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There was in fact one version that those who operated at Lekki were hoodlums in fake military attire. Later, the military agreed they were there following their invitation by the same Lagos state governor but added that they never shot live bullets thereby dismissing the general rumour that many protesters were killed during the operation.

It was thus not out of place for any reputable medium to seek to unravel the truth. That appears to be what CNN set out to do; and from which she concluded last Wednesday that “soldiers used live rounds on protesters who had converged on Lekki tollgate on October 20” – a report which Minister Lai Mohammed has described as “irresponsible reporting.”

To evaluate CNN’s investigation, the method she adopted needs to be thoroughly examined. Here, we are quick to observe that the medium did not rush to any conclusion but reportedly gathered facts and interpreted them for no less than one month after the incident before producing a report. Secondly, she has now made her data gathering method public leaving room for critics to evaluate her.

It is thus not irrational to imagine that if minister Lai had waited to examine the method, before hurriedly responding to the CNN report, his response would probably have been more incisive. As the news outlet affirmed, her report was “based on multiple witness account”, which she claimed was carefully and meticulously researched.

In addition to dozens of witnesses she reportedly interviewed, CNN also claimed to have obtained photo and video materials which she geolocated and verified using timestamps to attain a painted  picture of “how members of the Nigerian army and the police shot at the crowd, killing at least one person and wounding dozens more.”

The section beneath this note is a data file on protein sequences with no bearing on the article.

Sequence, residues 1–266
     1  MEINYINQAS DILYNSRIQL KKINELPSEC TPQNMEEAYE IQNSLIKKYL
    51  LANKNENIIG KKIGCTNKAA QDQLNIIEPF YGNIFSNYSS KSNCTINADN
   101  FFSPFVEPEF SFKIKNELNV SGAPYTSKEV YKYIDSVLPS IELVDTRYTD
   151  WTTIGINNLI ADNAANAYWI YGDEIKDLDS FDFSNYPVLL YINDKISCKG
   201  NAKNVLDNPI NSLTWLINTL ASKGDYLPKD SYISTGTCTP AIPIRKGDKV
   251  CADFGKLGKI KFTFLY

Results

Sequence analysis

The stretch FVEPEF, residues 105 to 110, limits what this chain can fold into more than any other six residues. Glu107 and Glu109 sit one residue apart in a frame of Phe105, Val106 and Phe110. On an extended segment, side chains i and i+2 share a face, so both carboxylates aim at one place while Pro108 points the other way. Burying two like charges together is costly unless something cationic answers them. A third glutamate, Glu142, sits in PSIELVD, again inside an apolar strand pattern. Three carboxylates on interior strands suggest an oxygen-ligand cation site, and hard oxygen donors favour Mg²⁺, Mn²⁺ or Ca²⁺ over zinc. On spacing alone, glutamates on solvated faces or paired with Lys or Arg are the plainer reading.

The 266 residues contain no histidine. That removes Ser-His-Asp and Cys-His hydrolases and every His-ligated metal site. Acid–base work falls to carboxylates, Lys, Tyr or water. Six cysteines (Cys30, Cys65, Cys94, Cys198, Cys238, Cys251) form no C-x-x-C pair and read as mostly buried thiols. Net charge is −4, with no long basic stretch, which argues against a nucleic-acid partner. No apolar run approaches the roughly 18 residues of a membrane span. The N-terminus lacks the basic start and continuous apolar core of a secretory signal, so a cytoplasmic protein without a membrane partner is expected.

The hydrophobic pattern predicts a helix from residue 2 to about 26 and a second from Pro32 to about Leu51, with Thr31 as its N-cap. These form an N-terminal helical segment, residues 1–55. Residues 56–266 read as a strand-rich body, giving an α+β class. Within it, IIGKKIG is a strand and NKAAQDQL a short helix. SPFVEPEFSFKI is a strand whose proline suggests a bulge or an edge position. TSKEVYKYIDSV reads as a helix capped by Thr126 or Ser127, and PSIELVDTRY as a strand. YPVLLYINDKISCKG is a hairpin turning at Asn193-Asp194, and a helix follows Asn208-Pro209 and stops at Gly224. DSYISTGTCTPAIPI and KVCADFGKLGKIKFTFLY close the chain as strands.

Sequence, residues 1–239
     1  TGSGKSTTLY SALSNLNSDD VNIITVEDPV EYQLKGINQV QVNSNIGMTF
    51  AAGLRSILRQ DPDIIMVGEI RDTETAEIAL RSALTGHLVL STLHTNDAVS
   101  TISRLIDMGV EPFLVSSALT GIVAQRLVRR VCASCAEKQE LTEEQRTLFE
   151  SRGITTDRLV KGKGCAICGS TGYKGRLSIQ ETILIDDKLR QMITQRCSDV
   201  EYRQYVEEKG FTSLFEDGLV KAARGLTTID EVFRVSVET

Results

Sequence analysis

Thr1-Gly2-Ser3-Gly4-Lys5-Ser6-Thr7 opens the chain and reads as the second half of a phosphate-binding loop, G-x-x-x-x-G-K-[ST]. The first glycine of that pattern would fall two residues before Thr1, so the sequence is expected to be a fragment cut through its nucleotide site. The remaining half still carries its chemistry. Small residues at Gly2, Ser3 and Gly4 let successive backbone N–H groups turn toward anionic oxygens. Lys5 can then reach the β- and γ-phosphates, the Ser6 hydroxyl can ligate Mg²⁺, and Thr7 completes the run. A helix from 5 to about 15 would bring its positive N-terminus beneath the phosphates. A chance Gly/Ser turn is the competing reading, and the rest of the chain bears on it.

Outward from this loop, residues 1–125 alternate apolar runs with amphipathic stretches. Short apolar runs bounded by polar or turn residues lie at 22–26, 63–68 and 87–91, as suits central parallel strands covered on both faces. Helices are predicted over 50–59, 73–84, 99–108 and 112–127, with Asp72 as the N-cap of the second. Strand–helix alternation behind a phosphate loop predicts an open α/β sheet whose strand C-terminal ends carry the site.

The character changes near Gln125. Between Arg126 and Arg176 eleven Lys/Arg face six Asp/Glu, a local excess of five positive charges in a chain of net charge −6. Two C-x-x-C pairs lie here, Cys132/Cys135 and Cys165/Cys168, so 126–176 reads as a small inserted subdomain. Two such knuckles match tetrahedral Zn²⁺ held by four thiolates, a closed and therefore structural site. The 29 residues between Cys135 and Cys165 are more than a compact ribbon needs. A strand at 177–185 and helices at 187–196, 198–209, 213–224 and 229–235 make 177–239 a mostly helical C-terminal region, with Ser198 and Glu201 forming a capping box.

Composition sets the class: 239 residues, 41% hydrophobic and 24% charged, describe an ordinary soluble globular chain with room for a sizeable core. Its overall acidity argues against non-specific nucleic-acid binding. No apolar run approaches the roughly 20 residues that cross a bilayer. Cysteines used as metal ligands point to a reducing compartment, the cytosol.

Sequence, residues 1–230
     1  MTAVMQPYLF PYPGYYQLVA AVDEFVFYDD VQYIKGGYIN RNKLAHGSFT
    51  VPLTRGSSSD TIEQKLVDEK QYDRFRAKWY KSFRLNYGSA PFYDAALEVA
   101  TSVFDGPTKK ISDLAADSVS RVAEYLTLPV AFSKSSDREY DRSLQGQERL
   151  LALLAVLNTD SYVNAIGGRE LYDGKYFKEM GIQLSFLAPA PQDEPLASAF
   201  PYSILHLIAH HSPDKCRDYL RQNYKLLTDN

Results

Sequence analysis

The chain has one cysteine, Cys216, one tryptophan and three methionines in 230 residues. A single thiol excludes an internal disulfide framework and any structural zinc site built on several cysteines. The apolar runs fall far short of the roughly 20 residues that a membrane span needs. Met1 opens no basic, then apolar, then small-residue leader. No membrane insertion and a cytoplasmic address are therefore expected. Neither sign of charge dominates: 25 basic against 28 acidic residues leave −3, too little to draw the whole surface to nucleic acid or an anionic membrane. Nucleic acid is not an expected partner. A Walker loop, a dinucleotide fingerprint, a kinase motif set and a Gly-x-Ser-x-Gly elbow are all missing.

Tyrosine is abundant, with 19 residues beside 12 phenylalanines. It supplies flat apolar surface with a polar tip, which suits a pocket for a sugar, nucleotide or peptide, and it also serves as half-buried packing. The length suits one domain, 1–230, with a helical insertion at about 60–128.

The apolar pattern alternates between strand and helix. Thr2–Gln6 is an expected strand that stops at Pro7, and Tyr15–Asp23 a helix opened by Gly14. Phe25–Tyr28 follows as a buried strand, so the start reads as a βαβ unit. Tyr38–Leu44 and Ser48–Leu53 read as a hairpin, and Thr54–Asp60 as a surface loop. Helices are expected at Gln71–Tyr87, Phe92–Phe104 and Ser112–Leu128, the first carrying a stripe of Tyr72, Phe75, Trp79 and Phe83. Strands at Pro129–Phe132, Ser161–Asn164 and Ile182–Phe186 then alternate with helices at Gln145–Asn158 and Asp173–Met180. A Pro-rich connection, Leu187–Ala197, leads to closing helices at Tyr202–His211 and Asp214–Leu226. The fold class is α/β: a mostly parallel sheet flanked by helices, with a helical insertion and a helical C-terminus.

While these are strong allegations that should have been promptly refuted,  we cannot fully condemn officials who in deference to the on-going judicial commission of inquiry reportedly declined to respond to the allegations.

However, Minister Lai seems to have opened another flank by describing CNN’s findings as a report on “massacre without bodies” when the same commission of inquiry is yet to arrive at such a conclusion – a posture that may possibly engender a suspicion that perhaps Nigeria had something to hide about the Lekki shootings.

The step taken to hurriedly respond to CNN without gathering enough data on how she arrived at her report does not appear to be the viable option the nation should have adopted. Going forward now, Nigeria should demand a right of reply from CNN which she is ethically bound to grant so that responses to the specific issues raised can clarify the rather damaging report.

This presupposes that all issues would be tabled, and appropriate responses collated before utilizing the right of reply. To do otherwise by accusing CNN of an unfriendly disposition or indeed by threatening to sanction her as the minister has done, virtually amounts to shadow chasing that will bear no fruits.

In which case, CNN is likely to continue to stand by her story as she has already done more so, as she is familiar with the traditional approach of many African office-holders who habitually avoid the media on subjects about which they are unwilling to come clean.

The current face-off between CNN and Lai Mohammed concerning last months’ Lekki shootings is not helpful to the nation. Instead, the resolve by President Muhammadu Buhari to meticulously avoid a recurrence of youth protests in the future is a better approach than the resort to fitful media rejoinders on the subject.